Food groups leaning into greener funding

September 05, 2023 | 14:00
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Green development is becoming a mandatory choice for food businesses, bringing them practical value in terms of both economics and branding.
Food groups leaning into greener funding
Food groups leaning into greener funding, Le Toan

Vinamilk, Vietnam’s top dairy manufacturer, was ranked second in the top 100 most valuable brands in Vietnam by Brand Finance last week.

The company is currently on the list of the top 40 largest dairy companies globally in terms of revenue, according to Plimsoll Statistics in the UK, and Brand Finance gave it a brand value of $2.8 billion.

Brand Finance’s managing director for Asia-Pacific Alex Haigh said, “Vinamilk, through its sustainability initiatives, has effectively raised a strong awareness of its sustainability commitment among stakeholders, as demonstrated by its highest Sustainability Perceptions Score.”

The ability to create added value from business activities has helped Vinamilk maintain its reputation and solid position in the Vietnamese dairy industry throughout its development journey of nearly half a century.

However, in addition to its business imprints, this food brand also continuously invests in technology and green solutions in the system of farms and production plants, showing its commitment and efforts to a long-term sustainable development strategy.

Bui Thi Huong, chief officer for HR, Administration, and External Relations at Vinamilk, emphasised that 13 farms and 10 factories of the enterprise have installed solar energy, promoting the use of green energy such as biomass and biogas.

“Almost 90 per cent of the farm’s energy comes from renewable sources, while 15-20 per cent of the farm’s electricity comes from solar power,” Huong said.

Vinamilk has also made investments to maintain a system of modern farms meeting international standards such as Global G.A.P and Organic Europe, dairy farming oriented towards sustainable agriculture. In parallel with the measures to reduce greenhouse gases, the company also planted one million trees in Vietnam.

Climate change has created risks for food and beverage businesses, disrupting supply chains and reducing raw material supplies. As a result, feed companies like GREENFEED Vietnam are also pushing towards more sustainable strategic production and business activities.

Its sustainability director Pham Tuan Anh said, “Agriculture is a field with specific production activities and is affected by climate change. Therefore, the company determines that transitioning to a circular economy model is urgent to ensure long-term development of the corporation.”

GREENFEED Vietnam is currently implementing strategic programmes on farm operations, green factories, waste, emissions and energy management, applying environmental, social, and governance risk management criteria to the entire feed-food-farm plus chain.

“We promote the development of modern, closed farms with automatic feeding and drinking systems to reduce food and water waste. The output waste from livestock farms, including wastewater and solid waste, is also applied with treatment models to recover and convert into input products for other processes,” Anh added.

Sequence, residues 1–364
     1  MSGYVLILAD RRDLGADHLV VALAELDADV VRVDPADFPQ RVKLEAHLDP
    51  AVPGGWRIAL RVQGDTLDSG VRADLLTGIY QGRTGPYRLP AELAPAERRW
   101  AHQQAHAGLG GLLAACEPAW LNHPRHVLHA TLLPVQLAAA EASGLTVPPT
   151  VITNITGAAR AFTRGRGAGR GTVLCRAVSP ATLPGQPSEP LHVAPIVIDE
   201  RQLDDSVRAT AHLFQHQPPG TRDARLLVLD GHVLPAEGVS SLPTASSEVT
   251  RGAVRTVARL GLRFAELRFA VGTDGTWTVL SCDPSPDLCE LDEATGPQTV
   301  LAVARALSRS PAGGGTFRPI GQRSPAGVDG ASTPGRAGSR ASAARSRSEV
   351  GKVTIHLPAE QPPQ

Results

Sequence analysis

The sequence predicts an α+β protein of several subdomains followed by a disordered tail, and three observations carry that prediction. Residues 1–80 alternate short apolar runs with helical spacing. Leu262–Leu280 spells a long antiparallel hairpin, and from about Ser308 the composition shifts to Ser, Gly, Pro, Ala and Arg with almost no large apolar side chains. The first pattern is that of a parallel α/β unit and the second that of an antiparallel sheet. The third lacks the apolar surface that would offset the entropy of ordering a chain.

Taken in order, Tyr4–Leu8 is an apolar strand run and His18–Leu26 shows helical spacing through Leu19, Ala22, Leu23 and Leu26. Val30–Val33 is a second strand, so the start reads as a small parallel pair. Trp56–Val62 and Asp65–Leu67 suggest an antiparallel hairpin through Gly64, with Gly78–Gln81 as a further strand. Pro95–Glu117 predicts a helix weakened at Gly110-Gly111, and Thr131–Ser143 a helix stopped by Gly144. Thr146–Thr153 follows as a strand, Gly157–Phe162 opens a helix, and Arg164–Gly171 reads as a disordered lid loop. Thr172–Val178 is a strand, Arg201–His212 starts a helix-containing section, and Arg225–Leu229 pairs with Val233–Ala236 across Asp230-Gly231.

This process has helped the company save production costs, labour, and transportation costs, such as reducing 800 tonnes of packaging plastic in the animal feed industry and meeting 50-80 per cent of the farm’s electricity demand.

According to information from the Vietnam Chamber of Commerce and Industry (VCCI), the circular economy generates about $4-5 trillion per year and brings many new job opportunities for workers through new business models.

“Green transformation and green development are part of the roadmap towards the future. This is an inevitable trend not only in Vietnam but also in the world,” said Nguyen Quang Vinh, vice president of the VCCI.

“As a supporter of sustainable business development for 20 years, I realise that the awareness of businesses and government agencies about sustainable development and green growth has improved recently, but the most difficult challenge in the transition is still green finance.”

Limited resources for investment are preventing businesses from converting business models to a more sustainable direction. Some 57 per cent of businesses consider green transformation necessary, while 70 per cent have not taken steps to implement activities towards sustainable development, according to the Vietnam Trade Promotion Agency under the Ministry of Industry and Trade.

“We look forward to more promotion mechanisms from agencies in adding resources for green capital and supporting tech transfer, said Anh from GREENFEED. “We also want to see obstacles removed in admin procedures to support units that are performing well or have a clear roadmap for reducing emissions. This can promote pioneering businesses and create motivation for others to work towards net-zero.”

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By Tra My

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